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Static Presentation Consistency Issues in Smartphone Mapping Apps

Static Presentation Consistency Issues in Smartphone Mapping Apps, illustration

Credit: Iwona Usakiewicz / Andrij Borys Associates

The explosive growth of the Internet coupled with the increasing use of location-enabled devices such as smartphones has led to an increasing awareness of the importance of location information, which traditionally has been presented with a map. For centuries, maps have been used to convey abstractions of spatial information in a manner that is aesthetically pleasing and familiar to their users. Often this came at the expense of accuracy, which users have found to be acceptable, usually due to conformance with commonly held beliefs. For example, labels for place names are supposed to be placed on the map so they do not overlap names of other nearby places, and winding roads with switchbacks are represented with a screw-like symbol where the number of turns in the symbol usually has no correlation with the number of switchbacks actually present. In the past, maps were used not only to present information but also to store information, and to provide easy and rapid access to it (also known as indexing using today's parlance.32).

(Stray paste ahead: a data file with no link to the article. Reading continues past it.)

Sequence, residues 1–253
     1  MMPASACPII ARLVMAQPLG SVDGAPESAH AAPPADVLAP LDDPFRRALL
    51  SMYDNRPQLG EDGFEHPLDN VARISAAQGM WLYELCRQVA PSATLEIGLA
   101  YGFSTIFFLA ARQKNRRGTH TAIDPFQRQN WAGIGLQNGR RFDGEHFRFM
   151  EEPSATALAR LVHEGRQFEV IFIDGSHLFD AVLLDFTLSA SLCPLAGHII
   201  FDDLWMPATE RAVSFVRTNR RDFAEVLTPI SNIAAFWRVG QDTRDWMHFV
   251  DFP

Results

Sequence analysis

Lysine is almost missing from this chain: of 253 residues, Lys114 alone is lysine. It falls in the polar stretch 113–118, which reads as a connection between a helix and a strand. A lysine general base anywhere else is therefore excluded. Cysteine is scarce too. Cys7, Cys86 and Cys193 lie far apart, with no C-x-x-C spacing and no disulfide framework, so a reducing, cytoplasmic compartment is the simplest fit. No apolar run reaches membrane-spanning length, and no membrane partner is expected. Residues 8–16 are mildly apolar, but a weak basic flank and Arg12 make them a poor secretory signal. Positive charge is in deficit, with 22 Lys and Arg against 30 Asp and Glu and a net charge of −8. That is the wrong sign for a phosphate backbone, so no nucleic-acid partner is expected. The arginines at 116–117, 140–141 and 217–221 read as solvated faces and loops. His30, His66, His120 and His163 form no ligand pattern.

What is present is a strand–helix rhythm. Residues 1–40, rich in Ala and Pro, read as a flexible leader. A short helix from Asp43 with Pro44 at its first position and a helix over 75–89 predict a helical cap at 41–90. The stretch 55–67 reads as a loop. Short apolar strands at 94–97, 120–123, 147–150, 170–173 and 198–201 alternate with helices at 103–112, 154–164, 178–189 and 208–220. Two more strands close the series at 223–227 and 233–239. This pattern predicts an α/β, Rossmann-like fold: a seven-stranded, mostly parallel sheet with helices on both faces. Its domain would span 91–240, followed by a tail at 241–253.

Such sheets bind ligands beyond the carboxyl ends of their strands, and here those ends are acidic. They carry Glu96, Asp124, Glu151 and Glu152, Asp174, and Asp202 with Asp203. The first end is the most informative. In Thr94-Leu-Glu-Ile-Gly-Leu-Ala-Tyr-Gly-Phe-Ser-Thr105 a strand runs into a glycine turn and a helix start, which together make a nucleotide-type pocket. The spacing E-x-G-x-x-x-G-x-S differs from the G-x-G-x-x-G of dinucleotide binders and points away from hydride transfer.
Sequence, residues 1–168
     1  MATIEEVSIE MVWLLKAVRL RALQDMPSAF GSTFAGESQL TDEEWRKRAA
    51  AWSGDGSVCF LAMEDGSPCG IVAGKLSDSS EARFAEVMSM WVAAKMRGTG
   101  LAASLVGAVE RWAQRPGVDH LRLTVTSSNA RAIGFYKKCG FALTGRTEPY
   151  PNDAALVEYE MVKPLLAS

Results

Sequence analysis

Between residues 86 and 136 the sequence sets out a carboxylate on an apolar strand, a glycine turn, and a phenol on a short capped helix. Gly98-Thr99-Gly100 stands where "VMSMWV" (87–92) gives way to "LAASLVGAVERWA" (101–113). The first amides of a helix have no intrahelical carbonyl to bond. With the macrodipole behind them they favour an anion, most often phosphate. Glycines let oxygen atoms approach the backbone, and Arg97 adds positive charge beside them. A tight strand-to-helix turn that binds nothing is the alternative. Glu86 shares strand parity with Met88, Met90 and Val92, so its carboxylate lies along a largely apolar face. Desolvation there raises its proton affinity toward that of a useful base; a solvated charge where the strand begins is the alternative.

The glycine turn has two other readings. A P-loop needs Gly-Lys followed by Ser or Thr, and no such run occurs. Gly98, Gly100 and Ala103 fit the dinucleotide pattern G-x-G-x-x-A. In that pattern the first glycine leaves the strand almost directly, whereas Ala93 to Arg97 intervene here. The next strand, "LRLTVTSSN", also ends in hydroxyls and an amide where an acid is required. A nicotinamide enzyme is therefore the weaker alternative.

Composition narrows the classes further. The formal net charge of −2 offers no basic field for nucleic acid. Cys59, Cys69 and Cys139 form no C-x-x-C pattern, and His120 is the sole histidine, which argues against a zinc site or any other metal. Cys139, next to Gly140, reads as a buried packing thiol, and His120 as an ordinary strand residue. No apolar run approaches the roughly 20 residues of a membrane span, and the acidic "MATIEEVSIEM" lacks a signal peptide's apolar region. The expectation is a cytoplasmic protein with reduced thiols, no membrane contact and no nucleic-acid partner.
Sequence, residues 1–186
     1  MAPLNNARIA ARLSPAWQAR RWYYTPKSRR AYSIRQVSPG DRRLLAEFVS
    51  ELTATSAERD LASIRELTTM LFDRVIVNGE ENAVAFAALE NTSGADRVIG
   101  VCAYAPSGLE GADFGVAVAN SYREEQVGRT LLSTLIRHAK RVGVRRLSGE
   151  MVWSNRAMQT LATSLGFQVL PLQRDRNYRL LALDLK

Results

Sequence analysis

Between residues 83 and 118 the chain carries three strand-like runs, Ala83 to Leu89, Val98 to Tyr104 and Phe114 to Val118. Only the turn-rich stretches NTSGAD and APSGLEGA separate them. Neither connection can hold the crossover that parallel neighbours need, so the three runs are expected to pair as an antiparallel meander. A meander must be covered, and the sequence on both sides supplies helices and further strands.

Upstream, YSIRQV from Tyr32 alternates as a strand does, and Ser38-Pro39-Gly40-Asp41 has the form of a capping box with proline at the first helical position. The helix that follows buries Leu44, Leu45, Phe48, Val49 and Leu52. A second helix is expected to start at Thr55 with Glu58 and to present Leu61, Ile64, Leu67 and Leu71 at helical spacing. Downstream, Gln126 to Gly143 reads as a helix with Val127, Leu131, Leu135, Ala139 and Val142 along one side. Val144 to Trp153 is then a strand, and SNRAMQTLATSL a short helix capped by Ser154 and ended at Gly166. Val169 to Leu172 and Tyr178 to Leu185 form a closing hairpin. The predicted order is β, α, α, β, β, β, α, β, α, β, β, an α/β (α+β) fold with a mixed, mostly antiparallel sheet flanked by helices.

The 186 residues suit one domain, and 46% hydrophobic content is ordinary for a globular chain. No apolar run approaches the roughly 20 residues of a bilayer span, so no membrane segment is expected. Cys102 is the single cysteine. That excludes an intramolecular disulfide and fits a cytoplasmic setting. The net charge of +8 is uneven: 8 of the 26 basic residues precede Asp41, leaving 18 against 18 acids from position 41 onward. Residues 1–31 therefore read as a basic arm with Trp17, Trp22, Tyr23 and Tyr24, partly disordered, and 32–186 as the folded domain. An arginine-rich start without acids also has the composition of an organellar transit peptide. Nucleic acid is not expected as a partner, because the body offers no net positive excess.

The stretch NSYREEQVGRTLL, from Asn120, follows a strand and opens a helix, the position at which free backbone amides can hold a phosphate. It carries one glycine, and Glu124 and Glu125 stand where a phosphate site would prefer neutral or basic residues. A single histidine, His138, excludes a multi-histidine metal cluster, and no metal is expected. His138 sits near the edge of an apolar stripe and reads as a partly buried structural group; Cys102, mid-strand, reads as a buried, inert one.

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Traditionally maps were drawn by cartographers, who were often regarded as artists. This took a considerable amount of skill, effort, and time, and the maps are still highly valued from both financial and artistic perspectives. The advent of computers, and the increase in their use to produce maps, as well as the diversity and increasing sophistication of the output devices on which the maps are presented and viewed, led to a dramatic decrease in the time needed to produce maps, and hence in their variety and distribution. In particular, maps are no longer created and produced only when there was a sufficient demand for them, where "sufficient" was usually defined quantitatively. Moreover, maps are no longer necessarily printed nor assembled in collections such as atlases, often with a common theme, such as the display of particular attributes like crops, land use, rainfall, and so on. Instead, maps are produced in a custom-made manner to display some specific spatial relationship rather than in groups, most often in units of one, and in a way that allows them to be manipulated.


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